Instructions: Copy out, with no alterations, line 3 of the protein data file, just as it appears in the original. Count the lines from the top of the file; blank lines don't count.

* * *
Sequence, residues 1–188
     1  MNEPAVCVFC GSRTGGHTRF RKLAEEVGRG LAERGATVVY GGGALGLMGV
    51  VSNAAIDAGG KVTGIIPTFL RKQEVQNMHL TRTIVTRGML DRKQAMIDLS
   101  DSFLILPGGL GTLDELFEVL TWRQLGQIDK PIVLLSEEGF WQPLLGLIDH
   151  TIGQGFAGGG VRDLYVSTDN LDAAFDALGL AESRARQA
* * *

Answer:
    51  VSNAAIDAGG KVTGIIPTFL RKQEVQNMHL TRTIVTRGML DRKQAMIDLS